Depression is more than being sad or feeling grief after a loss.
Depression is a medical disorder, just like diabetes, high blood
pressure or heart disease. Day after day, depression affects
your thoughts, feelings, physical health and behaviours.
A depressive episode must have a certain level of severity and
a minimum duration of two weeks.
Who gets depression?
• At any given time, almost three million Canadians have
• Depression accounts for 30% of all disability recorded at
three of Canada’s best known companies.
• 10-15% of men and 15-25% of women
What causes depression?
• Family history and genetics
• Medical illnesses
• Certain medications
• Life events or environmental stresses
• Biological factors
• Psychological vulnerability
Signs and symptoms of depression include
but are not limited to:
• Sad mood
• Preoccupation with failures or inadequacies and a loss of
• Feelings of uselessness, hopelessness, excessive guilt
• Slowed thinking, forgetfulness, difficulty in concentrating
and in making decisions
• Loss of interest in work, hobbies, people
• Social isolation
• Low energy
• Changes in appetite or weight – eating too little or too much
• Oversleeping or insomnia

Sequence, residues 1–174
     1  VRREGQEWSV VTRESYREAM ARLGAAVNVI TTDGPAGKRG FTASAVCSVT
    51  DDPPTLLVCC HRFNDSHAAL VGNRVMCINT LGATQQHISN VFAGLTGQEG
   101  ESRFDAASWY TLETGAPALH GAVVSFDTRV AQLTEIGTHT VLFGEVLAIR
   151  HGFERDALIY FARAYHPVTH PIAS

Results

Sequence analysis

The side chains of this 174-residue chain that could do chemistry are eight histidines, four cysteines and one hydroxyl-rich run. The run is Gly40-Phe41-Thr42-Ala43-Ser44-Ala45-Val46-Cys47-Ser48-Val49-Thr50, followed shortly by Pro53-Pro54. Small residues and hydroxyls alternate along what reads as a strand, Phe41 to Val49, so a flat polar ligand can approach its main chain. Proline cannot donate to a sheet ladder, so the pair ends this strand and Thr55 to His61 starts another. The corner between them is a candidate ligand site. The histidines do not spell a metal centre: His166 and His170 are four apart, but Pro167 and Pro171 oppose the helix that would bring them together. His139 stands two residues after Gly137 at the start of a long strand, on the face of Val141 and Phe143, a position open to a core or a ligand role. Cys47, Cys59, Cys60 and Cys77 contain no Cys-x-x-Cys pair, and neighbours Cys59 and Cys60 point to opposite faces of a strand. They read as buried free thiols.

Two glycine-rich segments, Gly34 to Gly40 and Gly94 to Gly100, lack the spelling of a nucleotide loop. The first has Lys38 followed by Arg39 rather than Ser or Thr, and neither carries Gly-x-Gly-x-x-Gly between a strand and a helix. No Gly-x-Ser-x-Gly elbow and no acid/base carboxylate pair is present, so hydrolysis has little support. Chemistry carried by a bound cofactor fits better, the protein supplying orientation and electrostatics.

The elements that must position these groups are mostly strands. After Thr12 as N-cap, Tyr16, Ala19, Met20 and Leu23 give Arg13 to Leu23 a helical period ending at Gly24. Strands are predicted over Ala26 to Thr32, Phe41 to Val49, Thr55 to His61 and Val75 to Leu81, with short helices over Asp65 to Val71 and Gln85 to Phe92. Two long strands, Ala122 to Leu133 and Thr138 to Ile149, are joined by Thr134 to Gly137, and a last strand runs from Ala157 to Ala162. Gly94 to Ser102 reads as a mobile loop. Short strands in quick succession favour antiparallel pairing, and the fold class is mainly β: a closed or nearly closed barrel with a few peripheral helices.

• Decreased sexual drive
• Suicidal thoughts
Depression is not a weakness or character flaw. It is a
medical illness. Depression is treatable. Between 80-90%
of all depressed people respond to treatment and nearly all
depressed people who receive treatment see at least some
relief from their symptoms.
• The Beast: A Reckoning with Depression, Thompson, Tracy,
G.P. Putnam’s Sons, 1995.
• In the Jaws of the Black Dogs, Mays, John Bentley, Penguin
• Living Without Depression and Manic Depression, Copeland,
Mary Ellen, New Harbinger Publications Inc., 1994.
• When Someone you Love is Depressed: How to Help Your Loved
One Without Losing Yourself, Rosen, Laura E., and Amador,
Xavier F., Simon & Schuster, 1997.
• Willow Weep for Me-A Black Woman’s Journey Through